John Stebbins and Jennifer Stebbins Thomas

John Stebbins and Jennifer Stebbins Thomas of Procon became the fourth generation to lead the family business after their father, Mark Stebbins, 67, died unexpectedly on June 17.

John Stebbins and Jennifer Stebbins Thomas became the fourth generation to lead the family business after this summer’s untimely death of their father, who turned a $5 million construction company into a $200 million design-build firm.

Hooksett-based Procon, which employs 140 people, has built medical buildings, aircraft hangers, hotels, supermarkets, warehouses, ice rinks and other projects throughout the region.

Mark Stebbins, 67, died unexpectedly on June 17, leaving a legacy not only in the construction industry but also in philanthropy.

The brother-sister managing directors now have big shoes to fill. Their efforts begin in a time of grief and while managing challenges seen across the industry, including labor shortages and supply chain issues.

Thomas said their father’s style of doing business has helped ease the transition.

“He loved working because he loved the people he was working with, and he loved the relationships he was building,” she said.

“He just had a real sincere interest in other people. So, as John and I sort of pick ourselves up and try to get our arms around this business we just must have told each other five times a day how grateful we are for the incredible relationships that he had built and the culture of our company, which is so relationship-driven.”

Mark Stebbins grew the business by moving it into fields of architecture, design and investment.

“He really was interested in real estate development and started developing his own projects that Procon would design and build. Having that integration with a developer under the same roof as a designer and builder brought that developer mentality into the building,” Thomas said.

The day after Mark Stebbins died, employees were told of the news. A week later, Stebbins and Thomas held an all-company meeting and spoke of the company’s path forward.

Growth for growth’s sake is not their goal.

“I think the way John and I are thinking about it right now is less with a target in mind and more really building those deep solid relationships with employees and developers,” Thomas said. “John and I would both rather continue to do $200 million of really good work than grow ourselves to $500 million and lose that relationship-focus with all of our partners that has been so important to our success.”

They face a number of challenges.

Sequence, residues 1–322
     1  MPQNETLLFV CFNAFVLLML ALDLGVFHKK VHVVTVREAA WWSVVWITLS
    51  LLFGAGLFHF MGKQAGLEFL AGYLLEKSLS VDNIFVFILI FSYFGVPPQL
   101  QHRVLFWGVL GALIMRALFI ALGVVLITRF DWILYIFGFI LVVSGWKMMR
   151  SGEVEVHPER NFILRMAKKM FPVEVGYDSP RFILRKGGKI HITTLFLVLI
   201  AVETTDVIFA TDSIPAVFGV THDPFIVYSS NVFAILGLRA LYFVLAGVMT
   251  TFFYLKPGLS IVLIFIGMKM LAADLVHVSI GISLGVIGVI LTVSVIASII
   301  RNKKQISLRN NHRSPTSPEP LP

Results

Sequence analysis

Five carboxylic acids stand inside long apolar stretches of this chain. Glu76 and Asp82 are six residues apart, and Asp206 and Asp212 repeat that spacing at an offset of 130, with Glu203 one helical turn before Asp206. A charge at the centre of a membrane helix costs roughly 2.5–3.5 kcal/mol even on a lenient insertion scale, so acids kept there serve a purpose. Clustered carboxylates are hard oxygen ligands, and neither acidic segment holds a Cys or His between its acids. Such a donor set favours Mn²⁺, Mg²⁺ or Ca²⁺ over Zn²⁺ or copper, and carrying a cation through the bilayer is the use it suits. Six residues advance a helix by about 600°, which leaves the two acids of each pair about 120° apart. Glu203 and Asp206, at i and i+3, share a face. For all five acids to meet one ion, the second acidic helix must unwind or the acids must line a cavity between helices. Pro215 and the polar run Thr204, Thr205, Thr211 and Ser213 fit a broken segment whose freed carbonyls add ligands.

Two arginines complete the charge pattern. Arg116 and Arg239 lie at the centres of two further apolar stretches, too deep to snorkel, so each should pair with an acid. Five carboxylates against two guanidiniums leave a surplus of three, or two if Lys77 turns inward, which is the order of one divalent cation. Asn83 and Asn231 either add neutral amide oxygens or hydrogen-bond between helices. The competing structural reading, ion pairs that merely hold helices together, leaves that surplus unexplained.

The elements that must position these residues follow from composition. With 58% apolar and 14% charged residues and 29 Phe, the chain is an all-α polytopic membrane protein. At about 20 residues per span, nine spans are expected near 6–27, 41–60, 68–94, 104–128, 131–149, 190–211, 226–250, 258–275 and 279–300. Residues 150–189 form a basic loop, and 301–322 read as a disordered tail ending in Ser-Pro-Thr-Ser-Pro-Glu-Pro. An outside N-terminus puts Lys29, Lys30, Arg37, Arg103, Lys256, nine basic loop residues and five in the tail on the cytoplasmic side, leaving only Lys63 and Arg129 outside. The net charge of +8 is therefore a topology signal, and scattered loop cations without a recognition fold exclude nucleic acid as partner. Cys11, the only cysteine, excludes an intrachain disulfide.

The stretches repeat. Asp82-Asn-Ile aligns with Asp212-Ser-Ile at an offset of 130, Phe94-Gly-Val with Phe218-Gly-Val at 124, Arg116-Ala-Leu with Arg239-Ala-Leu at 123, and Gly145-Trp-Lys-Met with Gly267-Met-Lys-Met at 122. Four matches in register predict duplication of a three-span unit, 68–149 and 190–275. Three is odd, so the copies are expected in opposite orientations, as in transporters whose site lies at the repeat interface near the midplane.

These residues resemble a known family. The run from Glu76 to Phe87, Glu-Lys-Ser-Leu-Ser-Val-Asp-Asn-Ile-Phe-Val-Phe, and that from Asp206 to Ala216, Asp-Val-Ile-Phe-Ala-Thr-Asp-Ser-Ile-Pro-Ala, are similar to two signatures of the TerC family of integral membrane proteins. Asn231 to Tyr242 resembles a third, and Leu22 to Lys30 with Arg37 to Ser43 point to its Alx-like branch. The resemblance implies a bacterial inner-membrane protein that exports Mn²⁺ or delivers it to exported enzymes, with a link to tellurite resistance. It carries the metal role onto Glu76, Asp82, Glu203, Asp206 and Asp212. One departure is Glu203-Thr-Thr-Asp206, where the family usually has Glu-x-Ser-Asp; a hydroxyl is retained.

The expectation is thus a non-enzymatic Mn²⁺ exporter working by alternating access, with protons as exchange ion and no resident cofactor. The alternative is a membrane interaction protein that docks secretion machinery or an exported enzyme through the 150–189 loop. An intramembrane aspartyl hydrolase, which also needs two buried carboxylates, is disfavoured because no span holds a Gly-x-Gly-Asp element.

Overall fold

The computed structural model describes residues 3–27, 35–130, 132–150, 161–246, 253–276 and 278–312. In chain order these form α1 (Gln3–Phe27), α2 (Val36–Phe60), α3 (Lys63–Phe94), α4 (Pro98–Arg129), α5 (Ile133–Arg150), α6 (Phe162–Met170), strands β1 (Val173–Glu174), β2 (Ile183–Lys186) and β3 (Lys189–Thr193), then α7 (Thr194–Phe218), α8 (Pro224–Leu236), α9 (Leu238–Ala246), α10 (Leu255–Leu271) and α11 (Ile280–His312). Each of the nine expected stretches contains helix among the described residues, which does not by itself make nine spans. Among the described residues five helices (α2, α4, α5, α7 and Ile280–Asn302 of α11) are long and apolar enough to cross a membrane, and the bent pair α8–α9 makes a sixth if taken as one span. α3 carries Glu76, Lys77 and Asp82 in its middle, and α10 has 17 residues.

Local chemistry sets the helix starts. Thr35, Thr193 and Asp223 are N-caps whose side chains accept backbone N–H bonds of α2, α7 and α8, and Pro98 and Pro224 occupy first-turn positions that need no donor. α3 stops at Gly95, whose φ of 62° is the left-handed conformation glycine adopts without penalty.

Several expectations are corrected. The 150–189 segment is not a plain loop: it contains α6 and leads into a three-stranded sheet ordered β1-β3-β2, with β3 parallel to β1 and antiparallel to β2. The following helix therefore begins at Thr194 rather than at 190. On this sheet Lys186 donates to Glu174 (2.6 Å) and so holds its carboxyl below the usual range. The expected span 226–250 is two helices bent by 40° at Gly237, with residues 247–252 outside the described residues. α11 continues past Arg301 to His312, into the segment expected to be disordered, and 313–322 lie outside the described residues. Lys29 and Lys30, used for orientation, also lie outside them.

Hotel projects are a big part of the company’s portfolio, but the hospitality industry has suffered during the pandemic, so the company is taking advantage of growth in demand for residential developments and warehouses.

It is also navigating supply and labor issues.

Stebbins said the company has been affected by long lead times for manufactured materials, such as roofing, windows and steel.

Prices for wood have swung wildly.

“It’s all over the place and very difficult to lock in prices,” he said. “So that’s a real challenge, along with the ability to find good quality professionals is the third challenge.”

The company has now passed from the hands of their great-grandfather, to their grandfather, to their father, to the present generation.

John Stebbins, 37, got his undergraduate degree in theology at Georgetown and his master’s in architecture from Virginia Tech. Thomas got her bachelor’s degree in psychology and economics from Dartmouth.

“Growing up, John was a kid who had millions of Legos and his desire to think and create in an architectural way has always been incredibly present in his life,” Thomas said. “I consider myself more on the finance and strategy side, and I was the girl growing up who literally picked dandelions and sold them.”

They each have young children. Perhaps someday the company will pass to them.

“We can only dream,” Stebbins said.

The brother-sister team became interested in the company on their own and were happy to work with their father.

“What our dad always did really well was he never ever pushed us into it,” said Thomas, 34.

“He led with his example. He just loved so much going to work every day and was excited to talk to us about it at the dinner table, but never pushed, and I think it was always his hope that we would find something to do with our lives that would give us as much joy as he found in his.”